1.0     and/or     1.0

Medium
3# per year

 

1.0  or  1.0

 

 

1.0

 

1.0

High
4-6# per year

 

1.0 and/or 1.0

0.5-1.0

0.5-1.0

1.0

 

1.0

Phosphorus

Phosphorus is a common component in most turfgrass fertilizers. It is an important element for turf growth and is critical for establishment of new seedlings. Phosphorus levels in soil are stable, and most Michigan soils have adequate phosphorus levels and therefore may not need continual applications of phosphorus. A soil test will reveal the amount needed annually on your lawn. Phosphorus is a primary water quality concern in Michigan. Phosphorus applied to lawns is quickly bound to soil particles after the fertilizer has been adequately watered into the lawn. It is important to sweep these fertilizer particles from impervious surfaces to reduce the potential for them to move away from lawn areas. Sensitive lawn sites adjacent to lakes, streams and ponds should use no-phosphorus fertilizers when soil levels for lawns are adequate.

Potassium

Potassium is also a primary turfgrass fertilizer element. It is usually applied in quantities ranging from 50 to 100% of the nitrogen rate at each application. Potassium levels in soil are relatively stable. A soil test will reveal the amount needed annually on your lawn. Levels below 120 pounds of K per acre are low for lawn turf, soils with levels above 250 pounds of K per acre need no additional potassium. Potassium is not regarded as a major water quality concern.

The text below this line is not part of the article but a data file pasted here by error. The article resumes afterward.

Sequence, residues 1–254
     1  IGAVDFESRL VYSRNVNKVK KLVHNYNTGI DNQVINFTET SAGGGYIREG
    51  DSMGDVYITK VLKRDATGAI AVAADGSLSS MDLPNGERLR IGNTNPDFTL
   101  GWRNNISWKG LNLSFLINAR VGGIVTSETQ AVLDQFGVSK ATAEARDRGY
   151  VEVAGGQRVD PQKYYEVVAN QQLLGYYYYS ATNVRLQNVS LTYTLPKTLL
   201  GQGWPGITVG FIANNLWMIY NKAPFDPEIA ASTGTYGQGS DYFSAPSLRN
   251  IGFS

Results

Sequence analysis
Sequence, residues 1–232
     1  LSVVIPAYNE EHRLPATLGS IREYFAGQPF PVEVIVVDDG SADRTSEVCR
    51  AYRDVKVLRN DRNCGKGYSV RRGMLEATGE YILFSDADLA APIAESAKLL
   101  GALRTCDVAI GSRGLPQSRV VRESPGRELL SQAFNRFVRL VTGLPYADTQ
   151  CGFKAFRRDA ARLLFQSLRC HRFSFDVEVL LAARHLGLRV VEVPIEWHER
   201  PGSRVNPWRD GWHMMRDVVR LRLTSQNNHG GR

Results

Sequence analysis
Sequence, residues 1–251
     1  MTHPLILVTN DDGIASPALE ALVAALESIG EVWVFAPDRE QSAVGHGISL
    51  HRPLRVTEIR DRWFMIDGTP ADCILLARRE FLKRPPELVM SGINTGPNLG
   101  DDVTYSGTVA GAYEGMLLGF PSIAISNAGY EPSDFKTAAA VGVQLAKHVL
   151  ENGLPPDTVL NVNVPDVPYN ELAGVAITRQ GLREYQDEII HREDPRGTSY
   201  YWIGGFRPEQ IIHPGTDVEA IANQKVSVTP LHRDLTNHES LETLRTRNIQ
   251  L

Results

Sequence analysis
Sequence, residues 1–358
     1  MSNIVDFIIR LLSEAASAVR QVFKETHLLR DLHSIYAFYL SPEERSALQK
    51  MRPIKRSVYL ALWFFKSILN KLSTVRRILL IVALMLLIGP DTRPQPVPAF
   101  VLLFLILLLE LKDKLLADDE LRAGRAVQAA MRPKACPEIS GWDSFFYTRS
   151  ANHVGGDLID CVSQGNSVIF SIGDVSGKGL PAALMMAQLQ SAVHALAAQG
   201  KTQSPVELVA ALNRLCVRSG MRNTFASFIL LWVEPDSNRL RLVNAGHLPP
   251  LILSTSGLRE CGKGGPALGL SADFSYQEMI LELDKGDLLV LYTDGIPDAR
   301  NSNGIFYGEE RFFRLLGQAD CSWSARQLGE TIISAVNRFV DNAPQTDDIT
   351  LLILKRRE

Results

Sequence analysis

Putting Your Program Together

Identify the objectives for your lawn and choose the nitrogen fertility program from the chart below that will best fit your objectives. Phosphorus and potassium should be added to the program on the basis of soil test information.

Once you have picked the level of maintenance and quality for your lawn, you can target the application time for the most effective use of the nutrients. The application times listed in the table take advantage of late fall fertility. Research at Michigan State University has demonstrated several benefits for late fall nitrogen applications. During this time of year, the top growth of the plant slows down as the temperatures cool, but root growth continues to be active. Fertilizing at this time of year will enhance the root growth and enable the plant to store additional carbohydrates. These reserves provide vigorous spring green-up, allowing the traditional early spring fertilizer applications to be delayed. This adjustment helps limit the heavy top growth usually associated with early spring fertilizer applications. Environmental studies at MSU reveal that this late fall application does not pose an elevated risk to water quality. The application times listed in the table are general guidelines for the mid-Michigan area. Adjustments can be made for growing conditions in northern or southern areas.

Special Considerations

You will need to adjust fertility for grasses grown in shady areas by reducing the overall nitrogen applied. The overall nitrogen applied can also be reduced by approximately 1 pound of N per 1,000 square feet when you return clippings to the turf.